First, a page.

In its letter, the commission pointed to a similar case in the city of Los Altos where a city councilmember applied for the CEO position at Silicon Valley Clean Energy after representing their city in the making of a similar JPA agreement. But because the bylaws didn’t contain an express requirement to hire a CEO – unlike in the SDCP case – the commission ruled differently.
So far San Diego Community Power’s board hasn’t said whether it plans to make any changes to its bylaws. When asked, the agency pointed to the commission’s letter and comments made publicly back in November by its general counsel Nick Norvell of Best Best & Krieger law firm.
“The FPPC determined Ms. Hooven was precluded from the CEO decision because she was considered to have participated in making of the contract for the position itself,” Norvell said in November.
Hooven declined to comment when reached on Monday.
After the FPPC ruling, the board offered the job to an interim CEO, Bill Carnahan, a career director of public power agencies who came out of retirement to take the position for a year. In September, the board extended his contract another six months to conduct another national search for a permanent CEO.
“It’s not in the best interest of SDCP to hire somebody that the state says has a financial conflict of interest,” Mosca said. “I think the expectation would be to do a robust competitive solicitation to recruit a CEO and hire the most qualified person to serve in that role, which is what we’re doing.”
Advocates have been calling into public board meetings for months to complain.
“I want to ask why the board is wasting its time and money to do a national search for a CEO when it has a perfectly qualified and capable woman among its staff,” asked Joyce Lane, president of San Diego 350, a nonprofit that pushes for action on climate change, during an October board meeting. “I can’t help but think some conscious or unconscious sexism at play.”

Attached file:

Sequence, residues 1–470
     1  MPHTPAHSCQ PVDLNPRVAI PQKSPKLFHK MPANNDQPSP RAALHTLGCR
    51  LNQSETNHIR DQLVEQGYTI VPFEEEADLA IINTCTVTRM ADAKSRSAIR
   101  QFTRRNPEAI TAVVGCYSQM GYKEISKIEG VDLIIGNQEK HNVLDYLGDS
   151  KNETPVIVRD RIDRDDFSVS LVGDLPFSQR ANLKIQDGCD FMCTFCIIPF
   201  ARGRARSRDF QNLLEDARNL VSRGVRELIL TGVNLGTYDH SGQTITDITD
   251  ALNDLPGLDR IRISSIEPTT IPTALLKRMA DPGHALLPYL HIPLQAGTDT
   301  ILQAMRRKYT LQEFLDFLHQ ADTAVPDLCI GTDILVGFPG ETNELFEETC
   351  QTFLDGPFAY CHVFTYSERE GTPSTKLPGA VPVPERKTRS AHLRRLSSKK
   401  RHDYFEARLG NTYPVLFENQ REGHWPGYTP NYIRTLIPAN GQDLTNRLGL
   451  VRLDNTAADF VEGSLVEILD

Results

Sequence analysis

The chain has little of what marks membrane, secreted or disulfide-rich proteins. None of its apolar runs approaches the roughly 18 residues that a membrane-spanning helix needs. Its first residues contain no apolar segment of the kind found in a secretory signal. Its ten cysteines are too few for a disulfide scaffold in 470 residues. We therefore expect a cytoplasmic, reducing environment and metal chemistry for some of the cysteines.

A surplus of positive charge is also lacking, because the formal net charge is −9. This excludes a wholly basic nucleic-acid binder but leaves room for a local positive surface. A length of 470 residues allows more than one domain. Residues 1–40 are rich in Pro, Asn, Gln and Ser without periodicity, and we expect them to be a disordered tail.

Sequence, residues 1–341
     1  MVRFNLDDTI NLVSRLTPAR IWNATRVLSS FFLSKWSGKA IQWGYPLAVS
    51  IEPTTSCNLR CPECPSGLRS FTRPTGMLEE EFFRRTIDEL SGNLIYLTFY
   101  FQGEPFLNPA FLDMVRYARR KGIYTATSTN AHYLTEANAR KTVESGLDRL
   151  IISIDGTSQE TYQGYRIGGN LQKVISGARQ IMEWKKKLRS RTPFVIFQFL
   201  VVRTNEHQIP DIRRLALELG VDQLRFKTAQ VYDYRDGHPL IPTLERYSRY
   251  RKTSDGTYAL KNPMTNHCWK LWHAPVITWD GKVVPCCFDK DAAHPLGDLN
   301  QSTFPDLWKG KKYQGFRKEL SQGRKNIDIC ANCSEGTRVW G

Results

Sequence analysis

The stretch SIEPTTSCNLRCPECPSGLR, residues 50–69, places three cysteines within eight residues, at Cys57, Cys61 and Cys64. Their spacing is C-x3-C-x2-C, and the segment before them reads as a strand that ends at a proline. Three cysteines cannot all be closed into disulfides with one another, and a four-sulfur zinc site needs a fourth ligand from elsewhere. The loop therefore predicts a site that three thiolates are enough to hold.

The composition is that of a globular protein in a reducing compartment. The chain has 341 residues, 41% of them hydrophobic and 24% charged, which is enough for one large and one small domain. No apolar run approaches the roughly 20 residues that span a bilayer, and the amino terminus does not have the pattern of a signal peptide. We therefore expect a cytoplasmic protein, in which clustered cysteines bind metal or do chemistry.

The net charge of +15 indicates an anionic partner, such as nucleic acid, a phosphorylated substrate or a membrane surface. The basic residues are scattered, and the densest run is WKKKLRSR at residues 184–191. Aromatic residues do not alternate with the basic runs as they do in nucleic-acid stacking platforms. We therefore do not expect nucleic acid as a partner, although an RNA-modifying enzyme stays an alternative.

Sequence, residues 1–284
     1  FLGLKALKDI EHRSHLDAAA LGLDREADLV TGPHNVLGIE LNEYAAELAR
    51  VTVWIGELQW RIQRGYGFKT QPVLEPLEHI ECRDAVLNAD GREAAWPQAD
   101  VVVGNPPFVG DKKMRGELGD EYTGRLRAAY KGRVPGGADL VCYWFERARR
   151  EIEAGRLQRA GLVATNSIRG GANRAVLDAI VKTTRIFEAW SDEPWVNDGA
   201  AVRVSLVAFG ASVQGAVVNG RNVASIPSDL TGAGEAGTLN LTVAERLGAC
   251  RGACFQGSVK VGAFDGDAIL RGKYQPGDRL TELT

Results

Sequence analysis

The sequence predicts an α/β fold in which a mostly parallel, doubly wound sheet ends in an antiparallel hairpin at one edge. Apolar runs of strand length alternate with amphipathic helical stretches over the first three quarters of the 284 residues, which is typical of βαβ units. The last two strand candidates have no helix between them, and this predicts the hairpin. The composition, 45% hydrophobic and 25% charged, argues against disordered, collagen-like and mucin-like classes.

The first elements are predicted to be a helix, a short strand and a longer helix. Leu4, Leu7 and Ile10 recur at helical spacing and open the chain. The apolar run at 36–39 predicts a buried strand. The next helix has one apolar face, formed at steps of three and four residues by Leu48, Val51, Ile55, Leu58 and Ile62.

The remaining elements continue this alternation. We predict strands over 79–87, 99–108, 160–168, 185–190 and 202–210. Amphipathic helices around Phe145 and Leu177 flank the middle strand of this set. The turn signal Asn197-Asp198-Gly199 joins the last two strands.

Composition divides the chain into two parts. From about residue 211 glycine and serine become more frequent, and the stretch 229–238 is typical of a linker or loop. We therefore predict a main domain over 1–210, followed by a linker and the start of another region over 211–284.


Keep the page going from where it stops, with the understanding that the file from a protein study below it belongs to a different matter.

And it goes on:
“If we truly want the best, we need to allow the most intimately knowledgeable person to apply,” said Eddie Price, a city of San Diego appointee to the agency’s Community Advisory Committee during that same meeting. “This type of behavior and action epitomizes systematic oppression and I hope we are better than that.”
At its Jan. 22 meeting, board member Steve Padilla, a Chula Vista city council member running for state senate, and board member Bill Baber, a La Mesa city councilman, volunteered to run the second CEO search committee. They said the application window closed at the end of the month and finalists will interview with the board in March. The board would take input from the community advisory committee, staff and other stakeholders, Padilla said.
San Diego Community Power, formed in 2020, is one of dozens of public agencies created statewide to produce cleaner, less expensive electricity than investor-owned utilities. Whoever is in charge is responsible for executing its mission: provide electricity at a lower rate than its private competitor, San Diego Gas and Electric, and 100 percent renewable energy by 2035.
“SDCP is the fastest way for any jurisdiction to reduce its (greenhouse gas) emissions,” said Mat Vasilakas, co-director of policy at Climate Action Campaign. “If it gets the wrong leadership, it could slow that progress down or make decisions that go against the intent of why we this community created the program in the first place.”